Pro Wrestling Since 1997


Sheamus reaches 1 million Twitter followers

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7 Responses

  1. dave says:

    Does the amount of followers a wrestler has equate to a push? Maybe they should have Twitter rankings, whereby popular wrestlers get title shots each month. RTs get you promo time and if you lose followers you get “heat”, dirty looks from the brass and you job to Fandargo.

  2. Adam says:

    Considering that it’s possible to “buy” 50,000 Twitter followers for around $0.05 – $0.10 per follower, that’s not much of an accomplishment. Of course, all social media usage is completely legit and certainly not subject to manipulation at all, right?

    I love how the number of followers one has is the major statistic of the 20-teens. We’re going to look back at this in 20-30 years and wonder why we were so stupid.

  3. Captain Ass says:

    @Adam why the hell would anyone who has millions of fans, great success and weekly TV time (before he got hurt) have to BUY anything? That thought process is completely idiotic.

    Just because social media is ABLE to be manipulated doesn’t mean it IS, especially in this case. Sheamus, or anyone for that matter, has nothing to gain from having more followers.

  4. dave says:

    I agree with Captain Ass, although a lot of followers and likes for that matter on Facebook are duplicate accounts and yes, likes and follows can be bought, sort of.

    There’s money to be made but here, in this instance, the amount of followers a wrestler has is not really going to give much gain to that wrestler.

  5. Adam says:

    @Captain Ass: I never said he bought any. I said that followers can be bought. They can also be created. There’s also a slowly and quietly growing reason for the WWE to do exactly that if they felt like it (and I’m not sure if they are one way or the other)…it’s a selling point. The WWE just demonstrated that with the tweet…they’re marketing the fact that their superstars are “gaining” followers.

    When Twitter themselves estimate the number of fake accounts at 10% (and that’s just what they can detect) and the fact that mass purchasing of fake accounts exists (not to mention mass creation to begin with), it invalidates any claims any of the social networks or the people use them make about followers or users or any other so-called metric that they utilize.

  6. Captain Ass says:

    Why wouldn’t they want people to know that one of their top stars is gaining more Twitter followers? WWE doesn’t have an investment in Twitter, they merely benefit from each others existence. I think most people who are half way intelligent know what the legit Twitter accounts are for the wrestlers. The main way to find out is simply to watch WWE programming, as they normally post their official Twitter handle for each star when he/she comes out to the ramp and to the ring.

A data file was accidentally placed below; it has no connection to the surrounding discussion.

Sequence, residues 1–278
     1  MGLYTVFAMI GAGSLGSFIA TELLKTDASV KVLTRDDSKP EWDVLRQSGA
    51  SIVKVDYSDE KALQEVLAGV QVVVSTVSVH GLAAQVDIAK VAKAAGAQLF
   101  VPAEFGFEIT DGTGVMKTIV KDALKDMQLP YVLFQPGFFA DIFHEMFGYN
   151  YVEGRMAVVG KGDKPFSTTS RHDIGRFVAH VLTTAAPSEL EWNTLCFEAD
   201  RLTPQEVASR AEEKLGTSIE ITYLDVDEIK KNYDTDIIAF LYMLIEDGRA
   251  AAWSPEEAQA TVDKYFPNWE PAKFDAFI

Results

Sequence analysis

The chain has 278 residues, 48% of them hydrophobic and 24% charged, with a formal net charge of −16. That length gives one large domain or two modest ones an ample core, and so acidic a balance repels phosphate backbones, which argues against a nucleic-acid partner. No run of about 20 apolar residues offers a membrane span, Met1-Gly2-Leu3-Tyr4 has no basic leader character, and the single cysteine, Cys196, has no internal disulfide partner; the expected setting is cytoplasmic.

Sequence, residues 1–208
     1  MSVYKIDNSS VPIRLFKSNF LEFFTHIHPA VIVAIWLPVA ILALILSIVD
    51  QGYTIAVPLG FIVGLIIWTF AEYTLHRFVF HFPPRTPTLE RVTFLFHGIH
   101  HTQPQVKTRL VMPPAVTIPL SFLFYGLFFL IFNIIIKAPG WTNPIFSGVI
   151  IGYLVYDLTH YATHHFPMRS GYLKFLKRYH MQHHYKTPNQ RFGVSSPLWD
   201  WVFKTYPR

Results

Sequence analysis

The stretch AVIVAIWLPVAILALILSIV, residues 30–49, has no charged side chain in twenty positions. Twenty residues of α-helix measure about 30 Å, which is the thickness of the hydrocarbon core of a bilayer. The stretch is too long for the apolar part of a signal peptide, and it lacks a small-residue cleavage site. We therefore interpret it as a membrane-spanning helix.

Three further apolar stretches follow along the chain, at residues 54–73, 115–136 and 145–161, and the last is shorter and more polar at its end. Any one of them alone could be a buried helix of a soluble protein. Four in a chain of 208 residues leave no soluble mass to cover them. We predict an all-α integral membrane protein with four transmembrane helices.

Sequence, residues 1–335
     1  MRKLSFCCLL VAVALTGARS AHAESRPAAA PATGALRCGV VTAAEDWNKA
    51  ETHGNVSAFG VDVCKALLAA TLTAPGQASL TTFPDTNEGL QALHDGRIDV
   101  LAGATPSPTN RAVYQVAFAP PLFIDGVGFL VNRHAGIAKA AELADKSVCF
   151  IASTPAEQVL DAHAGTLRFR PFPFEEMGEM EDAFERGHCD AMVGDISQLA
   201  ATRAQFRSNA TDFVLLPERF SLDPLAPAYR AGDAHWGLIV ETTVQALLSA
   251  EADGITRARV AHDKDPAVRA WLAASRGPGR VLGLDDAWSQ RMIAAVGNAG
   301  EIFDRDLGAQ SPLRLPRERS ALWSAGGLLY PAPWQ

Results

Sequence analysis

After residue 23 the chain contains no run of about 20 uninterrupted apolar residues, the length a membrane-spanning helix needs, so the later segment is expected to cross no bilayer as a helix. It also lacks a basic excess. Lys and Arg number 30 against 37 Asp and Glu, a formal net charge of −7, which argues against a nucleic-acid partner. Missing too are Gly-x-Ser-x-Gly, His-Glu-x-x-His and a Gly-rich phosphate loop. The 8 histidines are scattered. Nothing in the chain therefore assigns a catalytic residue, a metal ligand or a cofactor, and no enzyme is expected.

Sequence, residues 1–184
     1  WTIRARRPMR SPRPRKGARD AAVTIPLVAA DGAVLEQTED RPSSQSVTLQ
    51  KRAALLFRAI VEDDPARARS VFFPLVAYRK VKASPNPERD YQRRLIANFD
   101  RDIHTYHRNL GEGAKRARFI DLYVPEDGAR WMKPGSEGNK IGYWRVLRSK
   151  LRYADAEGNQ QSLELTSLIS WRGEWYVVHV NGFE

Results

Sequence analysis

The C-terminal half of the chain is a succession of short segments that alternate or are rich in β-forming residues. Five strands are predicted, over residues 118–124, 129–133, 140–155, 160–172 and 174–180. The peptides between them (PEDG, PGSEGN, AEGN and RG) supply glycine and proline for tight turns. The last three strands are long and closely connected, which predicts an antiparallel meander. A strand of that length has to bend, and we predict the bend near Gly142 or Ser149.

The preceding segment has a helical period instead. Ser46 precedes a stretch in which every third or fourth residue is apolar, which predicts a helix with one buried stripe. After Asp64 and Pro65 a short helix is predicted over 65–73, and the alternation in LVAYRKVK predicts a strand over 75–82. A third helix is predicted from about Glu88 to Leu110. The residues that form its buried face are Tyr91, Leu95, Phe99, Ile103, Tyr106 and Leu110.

7. Adam says:

    I don’t think you and I are talking about the same thing, dude. You’re right…the WWE makes it really easy to figure out which Twitter accounts belong to the wrestlers. But what they don’t (and probably can’t) do is figure out which of the follower accounts are legit and which are fake. Some can be guessed at easily enough, but not all of them, and it would be pretty easy to bury some fakes in there without anyone really catching on. I’m not saying the WWE is doing this, but the problem of fake accounts is prevalent enough to render the statistic meaningless. There’s no conclusive way to tell whether the followers are 100% legit followers, so while the WWE should want people to know that their superstars seem to be getting attention, we in turn need to stand back and ask questions such as, “okay, so what? Are these people actually talking to the Superstars? Is this effort increasing WWE revenues? What is a whole bunch of people following a Twitter account really telling us?” I don’t believe it’s worth much of anything, myself.

    This is the big problem with “Internet marketing”…if a statistic or measure is put in the public eye, the marketers will do anything and everything they can to manipulate it. They tried it with Alexa, they tried it with Google PageRank, they’ve tried it with several other things, and they’re trying it here.

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